Bedtime Struggles

Ages 2-4

Bedtime Struggles 

What to do when your child has trouble going to bed

Most young children have times when they don’t want to go to bed or don’t want to stay in bed.

There are many reasons why. Sometimes it’s hard for children to be separated from their parents at night. They don’t like to stop playing. And it’s natural for them not to like being told what to do and when to do it.

Bedtime problems can be hard on parents, too. You need some time to yourself at night. And it is upsetting to end the day arguing with your child.

Children usually manage better when there are family rules about bedtime. Bedtime rules work best when they are regular, kind, and rm.

You and your child can get through bedtime struggles with a little work. And by understanding the problem and helping your child learn to go to bed without a fuss you’re also showing your child you care.

Bedtime starts before it's time to say goodnight

Before bedtime, help your child unwind.

Do calming and relaxing things before bed time to help your child settle down.

Whatever you’re doing before bedtime, remind your child that bedtime is next.

Try speaking in a quieter voice as bedtime approaches.

Read or sit and talk with your child. This will help both of you settle down after a busy day.

Avoid doing things that will get your child excited, like tackle or chase games, or watching an exciting or scary television show.

Don’t give bedtime snacks that have caffeine. No cola or chocolate, for example. Caffeine may keep a child awake.

Set a bedtime routine

Bedtime is easier for children if they know when and what to expect each night.

Here are things that some families do as part of their children’s bedtime routine:

Wash up or take a bath.

Brush teeth.

Read books or tell stories.

Give hugs or backrubs.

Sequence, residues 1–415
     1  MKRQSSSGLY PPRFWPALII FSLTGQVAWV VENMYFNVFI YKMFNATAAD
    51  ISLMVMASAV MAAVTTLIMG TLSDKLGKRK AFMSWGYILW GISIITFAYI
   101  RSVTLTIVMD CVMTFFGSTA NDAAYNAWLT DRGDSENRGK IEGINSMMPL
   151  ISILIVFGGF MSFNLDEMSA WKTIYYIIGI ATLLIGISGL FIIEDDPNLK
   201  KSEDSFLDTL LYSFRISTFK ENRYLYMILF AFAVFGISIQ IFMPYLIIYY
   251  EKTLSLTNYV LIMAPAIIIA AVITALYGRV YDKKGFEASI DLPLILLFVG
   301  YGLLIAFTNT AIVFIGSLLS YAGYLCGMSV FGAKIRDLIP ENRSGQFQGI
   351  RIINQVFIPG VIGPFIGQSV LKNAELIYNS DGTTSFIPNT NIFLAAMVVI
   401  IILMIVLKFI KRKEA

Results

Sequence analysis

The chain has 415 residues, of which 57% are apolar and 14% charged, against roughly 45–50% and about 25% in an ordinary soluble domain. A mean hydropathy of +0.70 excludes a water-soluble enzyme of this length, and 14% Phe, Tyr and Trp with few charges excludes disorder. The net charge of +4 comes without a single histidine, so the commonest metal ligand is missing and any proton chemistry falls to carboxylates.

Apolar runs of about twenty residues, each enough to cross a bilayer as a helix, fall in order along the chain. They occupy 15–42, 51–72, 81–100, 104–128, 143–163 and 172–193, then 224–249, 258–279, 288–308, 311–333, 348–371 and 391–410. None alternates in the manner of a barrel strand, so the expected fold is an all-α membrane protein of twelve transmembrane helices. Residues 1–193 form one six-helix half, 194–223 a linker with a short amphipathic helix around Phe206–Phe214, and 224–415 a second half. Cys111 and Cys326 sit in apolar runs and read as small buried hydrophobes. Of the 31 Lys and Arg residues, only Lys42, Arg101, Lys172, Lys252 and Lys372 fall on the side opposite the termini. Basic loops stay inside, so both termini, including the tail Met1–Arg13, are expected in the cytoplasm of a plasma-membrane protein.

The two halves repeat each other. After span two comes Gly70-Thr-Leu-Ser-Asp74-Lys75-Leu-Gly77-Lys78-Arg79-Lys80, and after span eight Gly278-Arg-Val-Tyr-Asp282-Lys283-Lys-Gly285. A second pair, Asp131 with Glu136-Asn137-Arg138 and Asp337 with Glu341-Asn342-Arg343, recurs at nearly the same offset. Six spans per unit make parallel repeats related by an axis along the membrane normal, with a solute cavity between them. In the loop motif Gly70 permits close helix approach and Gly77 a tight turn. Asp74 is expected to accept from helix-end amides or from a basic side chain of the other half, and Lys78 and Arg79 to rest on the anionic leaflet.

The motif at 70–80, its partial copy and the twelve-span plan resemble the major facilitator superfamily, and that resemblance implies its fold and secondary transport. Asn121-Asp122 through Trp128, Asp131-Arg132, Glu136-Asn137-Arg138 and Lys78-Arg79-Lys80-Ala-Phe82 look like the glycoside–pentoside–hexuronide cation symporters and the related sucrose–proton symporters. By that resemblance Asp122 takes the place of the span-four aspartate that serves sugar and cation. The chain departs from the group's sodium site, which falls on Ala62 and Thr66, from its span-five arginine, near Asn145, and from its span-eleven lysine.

Spend time cuddling in a chair.

Sing quiet songs.

Say a prayer or talk quietly about what happened that day and what is coming up tomorrow.

Say goodnight to things in the room. For example, “Goodnight pillow, goodnight books.” When your routine is over, say, “Goodnight,” then leave the room.

Let your child know it’s okay if he or she can’t fall asleep right away

It’s all right if your child doesn’t fall asleep right away, and he or she should know that. But if this happens, he or she should still stay in bed.

Help your child know there are ways children can help themselves fall asleep. Some children:

Cuddle a stuffed animal.

Think about a happy story.

Remember a nice time.

Sing themselves songs.

Give your child something of yours

Sometimes children don’t like being separated from their parents even if they are in the other room.

Try giving your child something of yours to keep through the night so he or she can feel connected to you.

Leave a light on

Your child may also feel more at ease if you leave on a night light in his or her room or if you leave the door open a little.

Don’t give in

When your child fusses and wants to stay up longer it may seem easier to give in. But this won’t help to solve bedtime struggles.

Crying may mean you child needs more comforting

Even after it seems bedtime struggles are over, your child may have trouble at bedtime now  and then.

On those nights, spend a little extra time with your child before bed.

If your child cries hard after saying goodnight, sit nearby for a few minutes.

Try giving your child a backrub to calm him or her down.


Reference:  You and Your Child, University of PIttsburgh, Office of Child Development